Health: Why city patients should be listened to before committing to change

There are plenty of reasons to be proud of our local NHS – as well as plenty of good suggestions for improvement. But now it is in trouble.
Our NHS is caught between austerity budgeting and hostile ideology. The Coalition and Conservative governments since 2010 have squeezed the NHS between a hugely complex, expensive and ongoing reorganisation intended to put healthcare on a more commercial footing and continued reductions to healthcare spending while pretending to ringfence it.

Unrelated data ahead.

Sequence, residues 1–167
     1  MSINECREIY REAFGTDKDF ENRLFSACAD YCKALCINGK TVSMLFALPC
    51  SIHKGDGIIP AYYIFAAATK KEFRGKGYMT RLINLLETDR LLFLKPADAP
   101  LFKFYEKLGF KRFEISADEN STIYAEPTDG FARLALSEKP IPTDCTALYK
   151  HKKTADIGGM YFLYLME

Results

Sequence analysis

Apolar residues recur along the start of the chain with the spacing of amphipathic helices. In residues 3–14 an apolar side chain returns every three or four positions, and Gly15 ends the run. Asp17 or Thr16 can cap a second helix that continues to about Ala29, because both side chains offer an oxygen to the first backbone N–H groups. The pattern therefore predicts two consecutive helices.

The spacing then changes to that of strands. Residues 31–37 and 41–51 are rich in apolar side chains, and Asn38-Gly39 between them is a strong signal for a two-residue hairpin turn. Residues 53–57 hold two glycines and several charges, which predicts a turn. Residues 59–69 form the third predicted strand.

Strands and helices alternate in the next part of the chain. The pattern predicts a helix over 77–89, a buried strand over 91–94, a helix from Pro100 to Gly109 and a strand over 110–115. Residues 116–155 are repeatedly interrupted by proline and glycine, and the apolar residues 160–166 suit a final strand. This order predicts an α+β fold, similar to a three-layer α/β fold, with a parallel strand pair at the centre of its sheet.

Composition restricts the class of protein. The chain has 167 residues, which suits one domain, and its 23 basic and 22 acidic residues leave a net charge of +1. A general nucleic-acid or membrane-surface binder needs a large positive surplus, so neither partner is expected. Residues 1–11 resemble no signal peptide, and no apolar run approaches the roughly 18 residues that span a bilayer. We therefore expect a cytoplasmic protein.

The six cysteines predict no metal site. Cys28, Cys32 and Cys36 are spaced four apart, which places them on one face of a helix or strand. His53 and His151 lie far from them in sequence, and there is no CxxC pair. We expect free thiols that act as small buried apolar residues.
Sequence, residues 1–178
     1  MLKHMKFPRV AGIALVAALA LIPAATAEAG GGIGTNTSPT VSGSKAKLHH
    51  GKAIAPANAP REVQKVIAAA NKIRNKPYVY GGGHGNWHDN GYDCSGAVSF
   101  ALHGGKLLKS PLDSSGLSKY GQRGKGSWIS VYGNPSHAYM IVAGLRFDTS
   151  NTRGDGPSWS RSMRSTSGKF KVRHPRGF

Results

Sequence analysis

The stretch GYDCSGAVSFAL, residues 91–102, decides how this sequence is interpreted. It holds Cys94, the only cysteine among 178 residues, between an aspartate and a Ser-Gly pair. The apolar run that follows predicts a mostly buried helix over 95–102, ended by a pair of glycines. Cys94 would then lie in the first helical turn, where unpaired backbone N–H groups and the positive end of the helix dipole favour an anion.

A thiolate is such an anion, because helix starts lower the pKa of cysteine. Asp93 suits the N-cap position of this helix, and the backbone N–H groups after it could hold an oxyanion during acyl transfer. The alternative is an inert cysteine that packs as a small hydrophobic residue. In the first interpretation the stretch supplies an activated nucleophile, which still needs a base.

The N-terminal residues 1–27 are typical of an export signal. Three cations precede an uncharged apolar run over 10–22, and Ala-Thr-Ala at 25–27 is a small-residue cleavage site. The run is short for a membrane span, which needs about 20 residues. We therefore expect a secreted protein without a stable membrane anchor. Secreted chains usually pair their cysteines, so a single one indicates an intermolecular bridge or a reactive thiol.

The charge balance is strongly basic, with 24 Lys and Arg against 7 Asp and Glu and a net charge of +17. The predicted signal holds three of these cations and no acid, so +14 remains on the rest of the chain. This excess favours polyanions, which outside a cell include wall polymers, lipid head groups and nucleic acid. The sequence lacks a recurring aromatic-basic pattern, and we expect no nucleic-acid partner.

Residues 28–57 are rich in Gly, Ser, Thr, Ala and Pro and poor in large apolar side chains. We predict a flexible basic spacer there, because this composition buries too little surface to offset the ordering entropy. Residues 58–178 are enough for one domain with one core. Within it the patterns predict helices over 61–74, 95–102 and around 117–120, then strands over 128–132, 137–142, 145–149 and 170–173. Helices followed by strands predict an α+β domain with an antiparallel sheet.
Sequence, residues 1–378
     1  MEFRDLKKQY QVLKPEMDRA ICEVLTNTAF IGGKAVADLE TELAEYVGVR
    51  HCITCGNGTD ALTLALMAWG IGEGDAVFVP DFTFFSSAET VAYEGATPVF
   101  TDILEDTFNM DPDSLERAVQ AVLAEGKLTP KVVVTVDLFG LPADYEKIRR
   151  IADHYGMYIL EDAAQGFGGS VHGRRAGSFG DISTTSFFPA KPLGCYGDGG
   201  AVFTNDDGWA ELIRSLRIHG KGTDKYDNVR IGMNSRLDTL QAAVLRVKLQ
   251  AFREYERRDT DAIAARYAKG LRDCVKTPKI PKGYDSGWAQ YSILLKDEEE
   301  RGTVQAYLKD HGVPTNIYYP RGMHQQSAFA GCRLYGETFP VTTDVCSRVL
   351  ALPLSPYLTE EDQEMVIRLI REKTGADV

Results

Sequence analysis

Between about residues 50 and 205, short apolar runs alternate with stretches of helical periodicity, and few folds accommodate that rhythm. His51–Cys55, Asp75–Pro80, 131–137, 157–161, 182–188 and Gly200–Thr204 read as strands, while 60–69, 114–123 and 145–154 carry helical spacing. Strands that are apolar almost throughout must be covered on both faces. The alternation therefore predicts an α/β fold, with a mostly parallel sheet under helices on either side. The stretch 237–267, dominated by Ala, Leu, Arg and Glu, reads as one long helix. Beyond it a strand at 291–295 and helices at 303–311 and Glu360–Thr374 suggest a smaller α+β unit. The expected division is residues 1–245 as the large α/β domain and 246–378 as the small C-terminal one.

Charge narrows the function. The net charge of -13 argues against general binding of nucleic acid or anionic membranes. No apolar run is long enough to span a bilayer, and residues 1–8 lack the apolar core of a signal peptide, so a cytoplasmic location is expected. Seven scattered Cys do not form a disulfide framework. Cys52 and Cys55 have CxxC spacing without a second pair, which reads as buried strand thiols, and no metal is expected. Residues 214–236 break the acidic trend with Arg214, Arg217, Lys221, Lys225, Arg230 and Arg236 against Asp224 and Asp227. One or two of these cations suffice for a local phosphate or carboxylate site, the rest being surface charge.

Nobody denies the need to reduce waste of increasingly scarce resources. The NHS, like all large organisations, definitely has its share of waste. But when cost reductions are combined with a continuing rise in public expectations, the pressure increasingly lands on frontline staff whose levels of stress manifest in high levels of sick leave and increasing numbers who quit. So-called efficiency savings become counterproductive when they create new inefficiencies and costs, while service quality and availability are put at risk. For the first time, the NHS Sheffield Clinical Commissioning Group, which holds the main budget for the city, has to find £30 million savings this year.